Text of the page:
Online Program

American Joint Replacement Registry (AJRR): Results of a level II data reporting pilot study

Monday, November 2, 2015 : 11:10 a.m. - 11:30 a.m.

September Cahue, MPH, American Joint Replacement Registry, Rosemont, IL
Caryn Etkin, PhD, MPH, American Joint Replacement Registry, Rosemont, IL
AJRR is a multi-stakeholder, not-for-profit clinical data registry with a goal of optimizing patient outcomes through collection of data on all U.S. total joint replacement procedures. In 2014, AJRR implemented a pilot study to evaluate hospitals' and physician practices’ capabilities and barriers to submission of data beyond basic procedural data currently collected.  The new Level II elements will give AJRR the ability to risk adjust the national data set. Volunteer hospitals were solicited from N=123 reporting procedural data.  Hospitals received a study protocol with data specifications covering 41 new data elements (patient co-morbidities, infection and thrombosis prophylaxis, selected lab values, American Society of Anesthesiologists (ASA) scores, and surgical complications).  Hospitals extracted data from their Electronic Health Record (EHR) system and were allotted five months for data collection, allowing time to capture post-operative complications.  All hospitals participated in individual structured-interview sessions to provide feedback regarding acquisition of Level II elements. A sample of N=18 hospitals participated including data on N=7,984 procedures.  All hospitals extracted and reported ICD-9 codes for patient co-morbidities and ASA scores, but widely variable reporting was also noted.  For example: 8 of 18 hospitals submitted serum albumin data, whereas 10 hospitals submitted total lymphocyte values.  Only 7 hospitals reported on antibiotic prophylaxis, though there is reported high documented compliance nationally with this process measure.  Although 13 hospitals reported complications, the total number reported was small.  Technical variability explained the inconsistent reporting.  Full reporting of Level II data, with varied hospital requirements and numerous EHR vendors, will be challenging for the near future.  As registries expand and proliferate, we expect data elements will be required for federal initiatives, which will drive hospitals and EHR vendors to include elements in a consistent manner. In absence of mandated or incentivized reporting, high rates of complete data capture will remain elusive.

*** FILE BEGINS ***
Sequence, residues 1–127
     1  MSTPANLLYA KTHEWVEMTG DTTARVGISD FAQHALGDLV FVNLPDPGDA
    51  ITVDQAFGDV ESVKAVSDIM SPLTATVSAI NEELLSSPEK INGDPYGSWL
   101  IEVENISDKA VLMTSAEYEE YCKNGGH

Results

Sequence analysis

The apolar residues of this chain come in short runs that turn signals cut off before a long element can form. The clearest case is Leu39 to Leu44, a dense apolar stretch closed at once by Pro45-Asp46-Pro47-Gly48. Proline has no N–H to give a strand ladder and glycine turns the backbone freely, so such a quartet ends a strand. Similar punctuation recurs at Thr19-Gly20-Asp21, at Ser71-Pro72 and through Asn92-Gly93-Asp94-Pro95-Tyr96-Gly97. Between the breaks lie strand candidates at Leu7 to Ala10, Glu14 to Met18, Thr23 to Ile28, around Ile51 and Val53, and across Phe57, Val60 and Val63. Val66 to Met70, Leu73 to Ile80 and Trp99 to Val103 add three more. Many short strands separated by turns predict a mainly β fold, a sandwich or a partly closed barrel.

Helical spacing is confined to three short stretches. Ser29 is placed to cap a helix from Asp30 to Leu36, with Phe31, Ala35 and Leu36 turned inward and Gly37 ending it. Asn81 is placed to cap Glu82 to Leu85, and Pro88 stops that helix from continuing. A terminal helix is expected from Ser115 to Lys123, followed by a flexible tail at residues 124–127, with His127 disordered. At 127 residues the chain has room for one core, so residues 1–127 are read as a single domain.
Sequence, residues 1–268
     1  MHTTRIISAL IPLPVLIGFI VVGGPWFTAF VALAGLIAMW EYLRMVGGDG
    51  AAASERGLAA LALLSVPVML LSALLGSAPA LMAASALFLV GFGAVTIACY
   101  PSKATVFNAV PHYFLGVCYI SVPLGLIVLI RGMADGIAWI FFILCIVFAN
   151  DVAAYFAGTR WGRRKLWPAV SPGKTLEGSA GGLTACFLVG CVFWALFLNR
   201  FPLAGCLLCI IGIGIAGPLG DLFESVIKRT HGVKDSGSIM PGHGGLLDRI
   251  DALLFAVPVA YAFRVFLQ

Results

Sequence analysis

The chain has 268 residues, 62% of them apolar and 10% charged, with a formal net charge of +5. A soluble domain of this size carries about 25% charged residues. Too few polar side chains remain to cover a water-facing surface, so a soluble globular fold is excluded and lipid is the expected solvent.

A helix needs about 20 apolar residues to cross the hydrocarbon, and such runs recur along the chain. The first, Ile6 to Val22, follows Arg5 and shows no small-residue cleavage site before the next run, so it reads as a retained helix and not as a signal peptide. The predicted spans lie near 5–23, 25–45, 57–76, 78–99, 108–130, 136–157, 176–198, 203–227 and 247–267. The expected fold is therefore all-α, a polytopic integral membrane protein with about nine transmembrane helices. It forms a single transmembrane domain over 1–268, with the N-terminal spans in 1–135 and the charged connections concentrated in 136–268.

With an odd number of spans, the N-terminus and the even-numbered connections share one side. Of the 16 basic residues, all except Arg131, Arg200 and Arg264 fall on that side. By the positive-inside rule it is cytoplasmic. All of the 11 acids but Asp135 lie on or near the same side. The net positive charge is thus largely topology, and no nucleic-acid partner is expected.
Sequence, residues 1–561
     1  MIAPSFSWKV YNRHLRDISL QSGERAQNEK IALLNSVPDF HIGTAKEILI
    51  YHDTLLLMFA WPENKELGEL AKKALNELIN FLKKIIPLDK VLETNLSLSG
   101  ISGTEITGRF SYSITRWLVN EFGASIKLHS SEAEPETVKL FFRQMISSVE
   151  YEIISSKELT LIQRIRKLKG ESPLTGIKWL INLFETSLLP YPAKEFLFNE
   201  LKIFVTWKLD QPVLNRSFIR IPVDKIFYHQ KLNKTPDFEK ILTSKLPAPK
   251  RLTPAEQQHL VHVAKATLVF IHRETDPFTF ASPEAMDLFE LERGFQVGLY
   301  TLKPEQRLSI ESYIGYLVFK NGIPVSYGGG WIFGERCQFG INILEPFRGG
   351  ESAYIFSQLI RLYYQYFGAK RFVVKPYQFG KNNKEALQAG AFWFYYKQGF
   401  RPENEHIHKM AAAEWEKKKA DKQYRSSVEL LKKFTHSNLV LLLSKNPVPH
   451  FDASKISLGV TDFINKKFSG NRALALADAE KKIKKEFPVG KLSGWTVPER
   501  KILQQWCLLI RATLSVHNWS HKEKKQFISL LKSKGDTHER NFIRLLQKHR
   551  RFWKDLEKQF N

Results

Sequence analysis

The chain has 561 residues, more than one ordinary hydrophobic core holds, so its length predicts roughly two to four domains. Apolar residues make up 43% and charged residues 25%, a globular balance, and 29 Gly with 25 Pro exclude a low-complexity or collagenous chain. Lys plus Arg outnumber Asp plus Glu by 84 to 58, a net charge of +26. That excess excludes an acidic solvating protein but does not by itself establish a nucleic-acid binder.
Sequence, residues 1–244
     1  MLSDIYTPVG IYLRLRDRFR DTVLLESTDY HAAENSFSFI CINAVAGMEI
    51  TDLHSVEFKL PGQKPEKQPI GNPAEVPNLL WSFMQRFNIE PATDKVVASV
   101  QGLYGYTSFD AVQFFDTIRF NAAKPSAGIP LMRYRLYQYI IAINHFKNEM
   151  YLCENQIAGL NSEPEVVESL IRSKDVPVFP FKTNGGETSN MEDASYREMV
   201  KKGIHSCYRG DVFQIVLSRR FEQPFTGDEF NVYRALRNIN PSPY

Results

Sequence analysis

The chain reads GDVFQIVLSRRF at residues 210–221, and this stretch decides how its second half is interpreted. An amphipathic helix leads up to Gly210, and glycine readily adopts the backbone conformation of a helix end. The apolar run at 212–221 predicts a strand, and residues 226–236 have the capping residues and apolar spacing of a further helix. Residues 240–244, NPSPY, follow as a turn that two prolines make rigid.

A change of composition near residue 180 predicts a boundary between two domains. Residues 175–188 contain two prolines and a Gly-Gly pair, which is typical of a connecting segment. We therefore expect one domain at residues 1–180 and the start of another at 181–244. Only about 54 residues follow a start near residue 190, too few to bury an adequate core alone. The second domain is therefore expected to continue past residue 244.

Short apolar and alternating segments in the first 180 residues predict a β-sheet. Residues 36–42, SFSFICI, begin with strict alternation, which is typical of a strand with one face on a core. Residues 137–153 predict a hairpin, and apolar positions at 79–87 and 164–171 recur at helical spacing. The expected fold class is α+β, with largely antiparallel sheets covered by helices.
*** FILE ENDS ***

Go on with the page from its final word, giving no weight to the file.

Learning Areas:

Communication and informatics
Public health or related research

Learning Objectives:
Discuss the application of a national total joint replacement registry to enhance patient safety, improve quality of care, and reduce cost of care. Identify the benefits and challenges in electronic data collection and submission utilizing Electronic Health Records (EHR) at a national level. Assess the need for national initiatives to support registries ability to collect data.

Keyword(s): Information Technology, Quality of Care

Presenting author's disclosure statement:

Qualified on the content I am responsible for because: I have been the senior registry analyst for the American Joint Replacements Registry (AJRR) for the past 2 years focusing on electronic data collection and analysis of a national data set of all total joint replacement procedures performed in the U.S. Among the AJRR's goals is to optimize patient outcomes by analyzing implant performance longitudinally. Prior to this initiative, my area of interest has been examining the biomechanical factors that may influence knee osteoarthritis progression.
Any relevant financial relationships? No

I agree to comply with the American Public Health Association Conflict of Interest and Commercial Support Guidelines, and to disclose to the participants any off-label or experimental uses of a commercial product or service discussed in my presentation.